AOL CEO Tim Armstrong may finally have made good on his promise to figure out what to do with Bebo, the company's pricey digital albatross, by the end of the spring.
Mashable reported on Wednesday morning that Bebo had been sold; The Wall Street Journal followed up later in the day by saying that the deal is "close" but not complete and that the buyer is Criterion Capital Partners, a hedge fund based in Studio City, Calif. An AOL representative did not respond to a request for comment; a price isn't yet clear, but the Journal noted that Criterion's buys tend to be in the $3 million to $30 million range.
That's a big drop in valuation. AOL acquired Bebo for $850 million early in 2008, when the social network was still a hot commodity among teenagers in several European countries, and when it was still possible that having a social-media property in-house could help it gain international reach as well as potentially rival Facebook. Bebo had over 40 million members at the time and looked like it was poised to keep growing, but the deal is now considered to have been wildly overpriced and now short-sighted as Facebook continued to eat up more and more market share.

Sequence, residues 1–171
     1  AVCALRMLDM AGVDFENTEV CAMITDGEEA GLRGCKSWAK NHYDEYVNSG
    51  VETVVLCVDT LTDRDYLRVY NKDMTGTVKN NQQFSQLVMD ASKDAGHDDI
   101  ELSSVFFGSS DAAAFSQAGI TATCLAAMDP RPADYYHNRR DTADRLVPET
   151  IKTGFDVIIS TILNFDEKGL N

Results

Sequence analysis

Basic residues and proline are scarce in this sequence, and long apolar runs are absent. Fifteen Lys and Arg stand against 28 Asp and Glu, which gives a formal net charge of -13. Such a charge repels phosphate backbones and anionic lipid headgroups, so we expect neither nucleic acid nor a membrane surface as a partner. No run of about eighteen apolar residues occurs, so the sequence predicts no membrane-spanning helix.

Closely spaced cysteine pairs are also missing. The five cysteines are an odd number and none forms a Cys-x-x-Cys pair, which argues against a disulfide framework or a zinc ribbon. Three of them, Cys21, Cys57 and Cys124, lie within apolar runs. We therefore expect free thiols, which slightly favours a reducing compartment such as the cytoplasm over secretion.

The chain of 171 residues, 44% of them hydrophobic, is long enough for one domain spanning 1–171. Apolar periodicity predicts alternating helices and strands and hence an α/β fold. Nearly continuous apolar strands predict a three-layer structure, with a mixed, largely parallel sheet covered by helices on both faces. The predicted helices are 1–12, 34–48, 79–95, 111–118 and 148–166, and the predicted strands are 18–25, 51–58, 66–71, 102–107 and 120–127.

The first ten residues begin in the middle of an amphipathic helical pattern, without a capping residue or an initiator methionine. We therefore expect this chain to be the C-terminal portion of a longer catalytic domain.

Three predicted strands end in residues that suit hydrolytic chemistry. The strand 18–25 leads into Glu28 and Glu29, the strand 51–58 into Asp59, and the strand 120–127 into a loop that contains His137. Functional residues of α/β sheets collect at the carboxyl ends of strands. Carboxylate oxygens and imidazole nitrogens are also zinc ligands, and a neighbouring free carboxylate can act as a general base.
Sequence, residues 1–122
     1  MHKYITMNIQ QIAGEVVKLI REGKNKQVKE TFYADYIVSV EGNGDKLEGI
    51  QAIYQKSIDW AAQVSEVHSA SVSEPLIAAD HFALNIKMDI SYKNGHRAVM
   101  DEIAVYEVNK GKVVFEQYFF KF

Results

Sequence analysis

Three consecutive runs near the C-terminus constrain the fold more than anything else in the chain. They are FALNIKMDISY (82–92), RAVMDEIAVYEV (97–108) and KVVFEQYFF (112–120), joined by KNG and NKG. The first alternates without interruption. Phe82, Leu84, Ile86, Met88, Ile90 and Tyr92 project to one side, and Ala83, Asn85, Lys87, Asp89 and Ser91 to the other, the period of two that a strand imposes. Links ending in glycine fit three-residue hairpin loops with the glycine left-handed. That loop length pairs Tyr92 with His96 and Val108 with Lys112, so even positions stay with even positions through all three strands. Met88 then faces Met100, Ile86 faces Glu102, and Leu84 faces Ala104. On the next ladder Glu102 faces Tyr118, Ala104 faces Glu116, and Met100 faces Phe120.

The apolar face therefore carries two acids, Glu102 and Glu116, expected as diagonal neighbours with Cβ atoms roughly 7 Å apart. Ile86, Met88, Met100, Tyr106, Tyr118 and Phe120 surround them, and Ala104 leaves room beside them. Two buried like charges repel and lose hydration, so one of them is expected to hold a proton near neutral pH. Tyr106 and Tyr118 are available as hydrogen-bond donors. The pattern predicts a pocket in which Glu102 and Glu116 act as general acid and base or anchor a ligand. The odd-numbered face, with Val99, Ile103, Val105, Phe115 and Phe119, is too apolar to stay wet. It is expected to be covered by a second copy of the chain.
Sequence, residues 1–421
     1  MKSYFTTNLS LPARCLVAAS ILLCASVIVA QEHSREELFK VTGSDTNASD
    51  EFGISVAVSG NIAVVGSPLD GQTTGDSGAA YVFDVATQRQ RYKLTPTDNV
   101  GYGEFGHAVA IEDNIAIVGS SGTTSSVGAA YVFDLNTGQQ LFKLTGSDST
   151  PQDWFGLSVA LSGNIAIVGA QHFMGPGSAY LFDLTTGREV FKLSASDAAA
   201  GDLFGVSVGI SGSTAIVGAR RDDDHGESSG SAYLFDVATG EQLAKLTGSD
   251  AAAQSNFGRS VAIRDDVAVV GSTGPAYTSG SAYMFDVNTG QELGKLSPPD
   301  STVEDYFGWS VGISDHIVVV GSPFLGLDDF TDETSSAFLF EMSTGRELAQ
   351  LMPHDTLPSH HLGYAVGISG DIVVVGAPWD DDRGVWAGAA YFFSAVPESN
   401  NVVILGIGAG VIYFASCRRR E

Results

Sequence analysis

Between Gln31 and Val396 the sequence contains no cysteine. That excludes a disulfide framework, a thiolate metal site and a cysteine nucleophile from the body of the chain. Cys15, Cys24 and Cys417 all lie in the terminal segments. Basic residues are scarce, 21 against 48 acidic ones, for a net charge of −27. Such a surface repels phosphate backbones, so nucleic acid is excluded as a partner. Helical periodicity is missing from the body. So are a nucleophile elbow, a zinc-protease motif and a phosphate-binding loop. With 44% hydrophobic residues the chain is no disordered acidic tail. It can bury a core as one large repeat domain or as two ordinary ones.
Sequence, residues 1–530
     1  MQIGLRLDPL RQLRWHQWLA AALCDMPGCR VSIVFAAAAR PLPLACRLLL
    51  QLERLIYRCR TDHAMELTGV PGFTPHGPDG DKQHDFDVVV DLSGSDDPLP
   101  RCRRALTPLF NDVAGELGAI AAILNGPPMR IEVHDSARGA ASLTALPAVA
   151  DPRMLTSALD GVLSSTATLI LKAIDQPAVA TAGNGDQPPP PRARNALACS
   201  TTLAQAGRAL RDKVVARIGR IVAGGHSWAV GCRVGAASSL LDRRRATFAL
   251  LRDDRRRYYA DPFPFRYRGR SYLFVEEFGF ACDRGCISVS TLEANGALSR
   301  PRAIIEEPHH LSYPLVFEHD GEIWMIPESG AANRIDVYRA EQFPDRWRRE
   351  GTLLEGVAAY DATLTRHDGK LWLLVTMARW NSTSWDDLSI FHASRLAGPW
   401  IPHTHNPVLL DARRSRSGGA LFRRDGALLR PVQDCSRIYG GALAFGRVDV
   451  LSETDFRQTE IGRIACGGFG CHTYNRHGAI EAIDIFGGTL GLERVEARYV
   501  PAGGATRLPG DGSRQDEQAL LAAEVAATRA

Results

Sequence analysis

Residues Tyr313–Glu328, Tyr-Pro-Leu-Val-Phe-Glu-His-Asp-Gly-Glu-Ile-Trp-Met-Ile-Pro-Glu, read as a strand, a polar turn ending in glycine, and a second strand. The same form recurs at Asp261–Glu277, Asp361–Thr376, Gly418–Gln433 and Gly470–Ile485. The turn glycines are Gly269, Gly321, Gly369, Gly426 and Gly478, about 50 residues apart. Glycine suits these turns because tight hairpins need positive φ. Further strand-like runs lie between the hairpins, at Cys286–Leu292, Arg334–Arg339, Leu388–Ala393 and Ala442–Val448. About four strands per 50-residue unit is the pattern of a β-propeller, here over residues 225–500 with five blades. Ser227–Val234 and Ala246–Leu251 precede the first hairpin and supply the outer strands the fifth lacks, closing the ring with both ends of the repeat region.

Not all executives even liked the Bebo deal in the first place, rumors indicated. A year later, continued management shakeups at AOL led to the hire of former Google sales executive Armstrong as CEO, and Armstrong immediately started repositioning the company as a next-generation publishing house, not a communications and access company. Two months ago, AOL sold its ICQ chat property to Russian investment firm Digital Sky Technologies.
Since his installation as CEO, in public appearances Armstrong has repeatedly admitted that the deal was botched and reminded critics that he wasn't yet at the company when it went through. In April, the company confirmed that if a buyer could not be found by the end of May the social network would be shut down.
Sources have indicated that AOL considered the possibility of shutting down Bebo to be a serious last resort: Shutting down the site would have been expensive, and could have resulted in even more unfortunate press for the company than a quick deal to get it off its hands.